The Pioneer 0 (also known as Thor-Able 1) probe was designed to go into orbit around the Moon and carried a TV camera and other instruments as part of the first International Geophysical Year (IGY) science payload. It was the first attempt by the USA at a lunar mission. On August 17 1958, the spacecraft was destroyed by an explosion of the first (Thor booster) stage 77 seconds after launch at 16 km altitude, 16 km downrange over the Atlantic. Failure was suspected to be due to a ruptured fuel or oxygen line. Erratic telemetry signals were received from the payload and upper stages for 123 seconds after the explosion, and the upper stages were tracked to impact in the ocean.
Pioneer 0 consisted of a thin cylindrical midsection with a squat truncated cone frustrum on each side. The cylinder was 74 cm in diameter and the height from the top of one cone to the top of the opposite cone was 76 cm. Along the axis of the spacecraft and protruding from the end of the lower cone was an 11 kg solid propellant injection rocket and rocket case, which formed the main structural member of the spacecraft. Eight small low-thrust solid propellant velocity adjustment rockets were mounted on the end of the upper cone in a ring assembly which could be jettisoned after use. A magnetic dipole antenna also protruded from the top of the upper cone. The shell was composed of laminated plastic.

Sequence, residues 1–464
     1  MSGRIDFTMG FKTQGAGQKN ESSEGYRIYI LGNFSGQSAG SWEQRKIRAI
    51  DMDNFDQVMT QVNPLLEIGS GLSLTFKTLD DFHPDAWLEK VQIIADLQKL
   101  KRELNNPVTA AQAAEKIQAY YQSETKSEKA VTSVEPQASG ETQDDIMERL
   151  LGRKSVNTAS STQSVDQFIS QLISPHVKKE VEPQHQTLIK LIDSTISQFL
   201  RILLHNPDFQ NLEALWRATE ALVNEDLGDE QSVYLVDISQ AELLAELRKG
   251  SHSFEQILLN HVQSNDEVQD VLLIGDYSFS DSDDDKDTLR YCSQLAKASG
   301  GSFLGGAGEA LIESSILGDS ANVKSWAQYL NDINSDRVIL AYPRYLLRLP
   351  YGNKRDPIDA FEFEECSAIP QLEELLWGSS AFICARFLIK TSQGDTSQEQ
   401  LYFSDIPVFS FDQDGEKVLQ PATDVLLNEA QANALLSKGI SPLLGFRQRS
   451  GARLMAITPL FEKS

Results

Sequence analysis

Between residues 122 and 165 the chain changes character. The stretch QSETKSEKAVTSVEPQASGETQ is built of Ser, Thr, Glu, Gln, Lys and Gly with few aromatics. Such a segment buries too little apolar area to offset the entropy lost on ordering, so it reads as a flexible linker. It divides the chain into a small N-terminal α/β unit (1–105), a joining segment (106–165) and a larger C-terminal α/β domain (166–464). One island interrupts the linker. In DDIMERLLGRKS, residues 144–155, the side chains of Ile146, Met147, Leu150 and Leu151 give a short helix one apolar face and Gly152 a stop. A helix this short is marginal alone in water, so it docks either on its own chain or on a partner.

The scientific instrument package had a mass of 11.3 kg and consisted of an image scanning infrared television system to study the Moon's surface, a diaphragm/microphone assembly to detect micrometeorites, a magnetometer, and temperature-variable resistors to record spacecraft internal conditions. The spacecraft was powered by nickel-cadmium batteries for ignition of the rockets, silver cell batteries for the television system, and mercury batteries for the remaining circuits. Radio transmission was at on 108.06 MHz through an electric dipole antenna for telemetry and doppler information and a magnetic dipole antenna for the television system. Ground commands were received through the electric dipole antenna at 115 MHz. The spacecraft was to be spin stabilized at 1.8 rps, the spin direction approximately perpendicular to the geomagnetic meridian planes of the trajectory.
The probe was supposed to be Pioneer (or Pioneer 1), but the launch failure precluded that name.
Last updated: 05-17-2005 03:40:37